Arsene Wenger conceded he is in a “very difficult situation” after Arsenal’s wretched campaign hit a new low with a humiliating Champions League exit against Bayern Munich.
Wenger’s side suffered their heaviest home defeat for 19 years as Bayern romped to a 5-1 victory on Tuesday that sealed a 10-2 aggregate success in the last 16 tie.
It was an evening of abject misery for Wenger, who was subjected to calls for his resignation from Arsenal fans before and after one of the most chastening losses of his 21-year reign.
Wenger angrily complained that refereeing decisions had denied his team the chance of an epic fightback after Theo Walcott’s opener was cancelled out by a Robert Lewandowski penalty that led to the dismissal of Gunners defender Laurent Koscielny.
But the way his team surrendered so limply in the closing stages, conceding four more goals while fans rained boos and abuse down on Wenger, was a sign of the turmoil gripping the Emirates Stadium.
All the stats as Bayern progress 10-2 over two legs 💪https://t.co/sXsVrcIOc0— Champions League (@ChampionsLeague) March 7, 2017
With Arsenal’s Premier League title hopes in tatters and even a top four finish far from certain, Wenger had already faced stinging criticism following his decision to drop Alexis Sanchez for Saturday’s loss at Liverpool -- a move that reportedly led to a blazing row between the striker, his manager and several team-mates.
And, while the final score against Bayern may have been harsh on Arsenal, it was a defeat that did little to stem the feeling Wenger is destined for an acrimonious exit.
Asked if he would be managing Arsenal in Europe next season, Wenger, who has yet to reveal if he will extend his contract when it expires at the end of the campaign, gave a response that invited renewed speculation about his future.
“I don’t know, you always want headlines. I’m here to speak about football not my future,” he said.
“I’m don’t feel there was any uncertainty from the players. We played very well.
“At the moment we are going through a very difficult situation, but I think this club is in great shape.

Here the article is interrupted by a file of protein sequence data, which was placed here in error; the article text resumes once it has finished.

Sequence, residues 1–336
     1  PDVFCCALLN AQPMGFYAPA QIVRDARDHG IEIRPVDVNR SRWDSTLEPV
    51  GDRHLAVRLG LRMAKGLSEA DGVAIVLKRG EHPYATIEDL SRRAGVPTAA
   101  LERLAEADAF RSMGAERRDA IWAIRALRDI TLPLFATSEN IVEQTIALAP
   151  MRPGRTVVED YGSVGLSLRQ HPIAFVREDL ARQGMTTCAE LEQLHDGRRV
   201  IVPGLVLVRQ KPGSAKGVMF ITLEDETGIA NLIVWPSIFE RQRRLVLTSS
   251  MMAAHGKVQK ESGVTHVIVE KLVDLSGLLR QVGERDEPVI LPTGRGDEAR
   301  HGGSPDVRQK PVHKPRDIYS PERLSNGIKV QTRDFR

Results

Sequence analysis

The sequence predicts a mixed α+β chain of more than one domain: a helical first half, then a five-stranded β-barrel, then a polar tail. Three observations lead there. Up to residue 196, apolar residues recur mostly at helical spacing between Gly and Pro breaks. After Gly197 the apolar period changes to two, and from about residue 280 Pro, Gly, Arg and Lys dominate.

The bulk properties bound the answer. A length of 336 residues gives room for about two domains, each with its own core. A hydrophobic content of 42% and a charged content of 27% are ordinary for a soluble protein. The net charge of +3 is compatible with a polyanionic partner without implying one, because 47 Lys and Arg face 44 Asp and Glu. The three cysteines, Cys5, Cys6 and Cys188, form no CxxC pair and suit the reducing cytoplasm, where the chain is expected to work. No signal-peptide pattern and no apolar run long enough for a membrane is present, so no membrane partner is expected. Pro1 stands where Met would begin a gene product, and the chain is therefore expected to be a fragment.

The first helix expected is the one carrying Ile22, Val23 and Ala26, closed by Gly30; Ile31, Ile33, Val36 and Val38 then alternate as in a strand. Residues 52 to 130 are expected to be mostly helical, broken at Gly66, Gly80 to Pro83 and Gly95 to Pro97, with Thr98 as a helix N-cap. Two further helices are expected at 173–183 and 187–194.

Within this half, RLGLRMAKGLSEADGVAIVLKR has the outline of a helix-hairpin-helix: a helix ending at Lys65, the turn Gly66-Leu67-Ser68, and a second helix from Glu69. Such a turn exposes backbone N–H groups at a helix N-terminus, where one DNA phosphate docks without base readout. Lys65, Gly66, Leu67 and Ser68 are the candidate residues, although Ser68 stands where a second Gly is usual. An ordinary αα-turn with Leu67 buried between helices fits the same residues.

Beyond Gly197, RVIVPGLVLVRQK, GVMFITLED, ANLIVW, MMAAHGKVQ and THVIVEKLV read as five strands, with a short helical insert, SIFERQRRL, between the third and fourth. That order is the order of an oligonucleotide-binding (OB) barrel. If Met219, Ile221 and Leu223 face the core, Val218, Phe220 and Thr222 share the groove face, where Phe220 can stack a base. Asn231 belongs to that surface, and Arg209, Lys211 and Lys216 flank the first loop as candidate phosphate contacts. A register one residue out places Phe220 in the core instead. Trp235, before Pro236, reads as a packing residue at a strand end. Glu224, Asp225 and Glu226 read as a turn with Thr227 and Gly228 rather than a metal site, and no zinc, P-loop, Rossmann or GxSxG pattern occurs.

“What needs to change is a good result at the weekend. We play the quarter-final of the FA Cup against Lincoln and we want to focus on that and do our job properly.”
Questioned about the protests, Wenger wisely opted against criticising the supporters, saying: “I have nothing to add to that.”
Instead, he focused on slamming referee Tasos Sidiropoulos for the decisions that condemned Arsenal to a seventh successive failure to advance from the Champions League last 16.
“I have to take it on the chin and I will get a lot of criticism, but it doesn’t make it right,” he said.
“The end result will not highlight the quality of our performance. The players haven’t let us down, the referee has.
“The referee was very powerful for Bayern. Not only was it not a penalty, he was offside, and on top of that he gave a red card.
“It leaves me very angry and very frustrated because we are in a difficult situation.
“It’s irresponsible from the referee. It’s absolutely unexplainable and scandalous.”
While Wenger faces up to a troubled end to the season, Bayern boss Carlo Ancelotti remains on course for a triumphant season that could feature a Bundesliga, Champions League and German Cup treble.
Ancelotti conceded Arsenal had put Bayern under heavy pressure before the decisive penalty decision.
But the former Chelsea boss wasn’t going to worry too much about the damage done to Wenger’s increasingly tarnished reputation.
“Wenger has more experience than me, he knows he has to manage the pressure,” Ancelotti said.
“Until the penalty it was difficult for 60 minutes. Arsenal played really well and we made mistakes we don’t normally do.
“It was a strange game, honestly the result doesn’t reflect what happened on the pitch.
“The penalty took out all the pressure out for us, but the important thing was to reach the quarter-finals.”